• If the jaws develop correctly they have ample room for all of the teeth, and the teeth fit together well.
  • Both upper and lower jaws can move and change in the process of development.
  • But that process has been gradually altered ever since our ancestors began to use tools, cook, cease their mobile hunting-gathering lives and settled down to practice agriculture some 10,000 years ago.
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Anthropologists have reported that the size of the human mouth has long been shrinking. Because human beings have been using stone tools for at least 3.3 million ears, that may represent the time during which the shrinkage has occurred. Stone tools permitted a greater shift to a carnivorous diet because the ability to cut meat into small pieces reduced the amount of chewing required to extract nourishment.

Less chewing reduced the need for large, powerful jaws. The advent of agriculture accelerated this trend. As anthropologist Clark Larsen noted, “There has been a dramatic reduction in the size of the face and jaws wherever humans have made the transition from foraging to farming.” The superficial result, as we have seen, is malocclusion.

presents the biological, dietary, and cultural changes that have driven us toward a major, modern health challenge. At its root, the problem we face is that we have entered a space age world with Stone Age genes—genes that evolved to produce jaws adapted to a hunter-gatherer diet.

  1. Today’s jaws epidemic is concealed behind the commonplace.
  2. Its most obvious symptoms are oral and facial: crooked teeth (and the accompanying very common use of braces), receding jaws, a smile that shows lots of gums, mouth breathing, and interrupted breathing during sleep.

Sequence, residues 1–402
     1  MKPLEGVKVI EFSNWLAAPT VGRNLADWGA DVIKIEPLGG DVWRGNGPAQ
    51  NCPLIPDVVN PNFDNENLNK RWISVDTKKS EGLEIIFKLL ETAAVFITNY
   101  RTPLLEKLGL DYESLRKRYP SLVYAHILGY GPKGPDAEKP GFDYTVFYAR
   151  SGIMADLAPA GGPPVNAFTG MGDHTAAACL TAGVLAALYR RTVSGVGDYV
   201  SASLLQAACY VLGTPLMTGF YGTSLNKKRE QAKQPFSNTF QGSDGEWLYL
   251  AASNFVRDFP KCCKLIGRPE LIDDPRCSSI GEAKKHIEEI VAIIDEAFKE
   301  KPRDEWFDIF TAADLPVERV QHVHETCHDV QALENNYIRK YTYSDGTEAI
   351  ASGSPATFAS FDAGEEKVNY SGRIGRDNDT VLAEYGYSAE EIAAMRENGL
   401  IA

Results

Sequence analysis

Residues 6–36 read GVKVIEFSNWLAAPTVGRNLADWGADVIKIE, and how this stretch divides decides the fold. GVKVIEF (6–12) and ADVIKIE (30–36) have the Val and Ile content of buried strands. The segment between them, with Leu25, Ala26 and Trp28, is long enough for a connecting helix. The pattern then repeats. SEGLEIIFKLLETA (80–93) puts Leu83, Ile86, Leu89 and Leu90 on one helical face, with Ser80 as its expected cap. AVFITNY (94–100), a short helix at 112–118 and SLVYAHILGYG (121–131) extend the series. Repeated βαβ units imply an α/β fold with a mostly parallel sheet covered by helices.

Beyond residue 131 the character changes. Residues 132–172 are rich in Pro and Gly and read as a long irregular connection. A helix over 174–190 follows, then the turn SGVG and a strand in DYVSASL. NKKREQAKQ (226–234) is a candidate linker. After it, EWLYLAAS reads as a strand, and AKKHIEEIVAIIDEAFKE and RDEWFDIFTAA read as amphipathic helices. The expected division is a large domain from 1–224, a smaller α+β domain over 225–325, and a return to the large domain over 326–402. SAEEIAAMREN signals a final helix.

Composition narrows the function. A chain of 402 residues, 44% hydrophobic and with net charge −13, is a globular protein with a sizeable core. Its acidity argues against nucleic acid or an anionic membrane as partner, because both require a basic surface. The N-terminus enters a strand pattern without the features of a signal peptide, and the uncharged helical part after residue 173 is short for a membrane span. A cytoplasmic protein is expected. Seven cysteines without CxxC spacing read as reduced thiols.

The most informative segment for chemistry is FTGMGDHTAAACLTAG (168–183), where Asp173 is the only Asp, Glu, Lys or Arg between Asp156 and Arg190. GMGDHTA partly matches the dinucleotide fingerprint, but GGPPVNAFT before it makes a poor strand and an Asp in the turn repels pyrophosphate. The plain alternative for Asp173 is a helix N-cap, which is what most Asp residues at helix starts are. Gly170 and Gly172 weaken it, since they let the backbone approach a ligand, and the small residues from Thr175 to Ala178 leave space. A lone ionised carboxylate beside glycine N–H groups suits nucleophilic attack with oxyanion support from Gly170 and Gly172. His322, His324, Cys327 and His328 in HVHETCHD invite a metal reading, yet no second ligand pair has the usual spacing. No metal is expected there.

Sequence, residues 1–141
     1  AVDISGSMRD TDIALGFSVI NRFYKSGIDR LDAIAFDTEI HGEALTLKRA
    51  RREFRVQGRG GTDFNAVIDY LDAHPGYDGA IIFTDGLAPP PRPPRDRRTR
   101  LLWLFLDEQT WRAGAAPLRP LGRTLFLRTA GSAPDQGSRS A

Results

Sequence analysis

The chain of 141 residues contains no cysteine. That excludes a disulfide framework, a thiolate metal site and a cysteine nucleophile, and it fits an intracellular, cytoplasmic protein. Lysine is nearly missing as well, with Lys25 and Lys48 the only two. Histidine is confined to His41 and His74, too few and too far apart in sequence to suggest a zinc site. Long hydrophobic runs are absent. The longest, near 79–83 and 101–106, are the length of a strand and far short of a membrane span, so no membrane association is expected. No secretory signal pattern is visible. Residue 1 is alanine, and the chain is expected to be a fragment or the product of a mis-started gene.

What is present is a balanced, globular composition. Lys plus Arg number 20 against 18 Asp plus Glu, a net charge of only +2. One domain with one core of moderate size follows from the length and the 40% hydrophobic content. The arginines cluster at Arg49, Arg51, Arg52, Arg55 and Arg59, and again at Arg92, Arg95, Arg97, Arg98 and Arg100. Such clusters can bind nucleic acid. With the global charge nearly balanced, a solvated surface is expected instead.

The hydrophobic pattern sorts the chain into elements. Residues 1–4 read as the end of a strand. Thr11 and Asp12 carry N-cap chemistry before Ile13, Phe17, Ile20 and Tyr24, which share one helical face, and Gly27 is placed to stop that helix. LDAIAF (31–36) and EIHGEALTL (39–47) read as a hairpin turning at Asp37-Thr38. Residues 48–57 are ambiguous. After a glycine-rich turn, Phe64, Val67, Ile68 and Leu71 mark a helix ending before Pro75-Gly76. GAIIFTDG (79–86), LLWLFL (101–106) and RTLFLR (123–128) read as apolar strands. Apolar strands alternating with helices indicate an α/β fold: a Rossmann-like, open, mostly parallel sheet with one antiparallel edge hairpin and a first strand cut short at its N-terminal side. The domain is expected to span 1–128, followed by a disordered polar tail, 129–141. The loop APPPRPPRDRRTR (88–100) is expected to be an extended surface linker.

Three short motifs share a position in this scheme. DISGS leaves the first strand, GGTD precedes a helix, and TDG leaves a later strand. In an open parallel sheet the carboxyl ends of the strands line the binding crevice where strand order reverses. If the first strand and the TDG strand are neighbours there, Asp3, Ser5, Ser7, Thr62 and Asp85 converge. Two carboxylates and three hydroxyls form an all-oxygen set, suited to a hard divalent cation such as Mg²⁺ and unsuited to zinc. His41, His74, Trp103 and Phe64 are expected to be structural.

3. A bother, but hardly an “epidemic”—at least until one recognizes the relationship between malocclusion and a veritable host of downstream health consequences.

If the jaws fail to develop properly, the receding lower jaw (the mandible) can put stress on the airway. The problems associated with modern jaw-face-airway development are only now beginning to be uncovered, largely through the work of a series of dedicated scientists and practitioners who have observed dramatic changes in facial structure that correlate with higher incidence of chronic diseases.

  1. Reducing the size of the airway can, for instance, eventually lead to breathing problems, such as sleep apnea, which itself has become a significant factor in public health.
  2. Some 20 percent of American adults are afflicted, and about 3 percent have a sufficiently serious case to cause daytime sleepiness.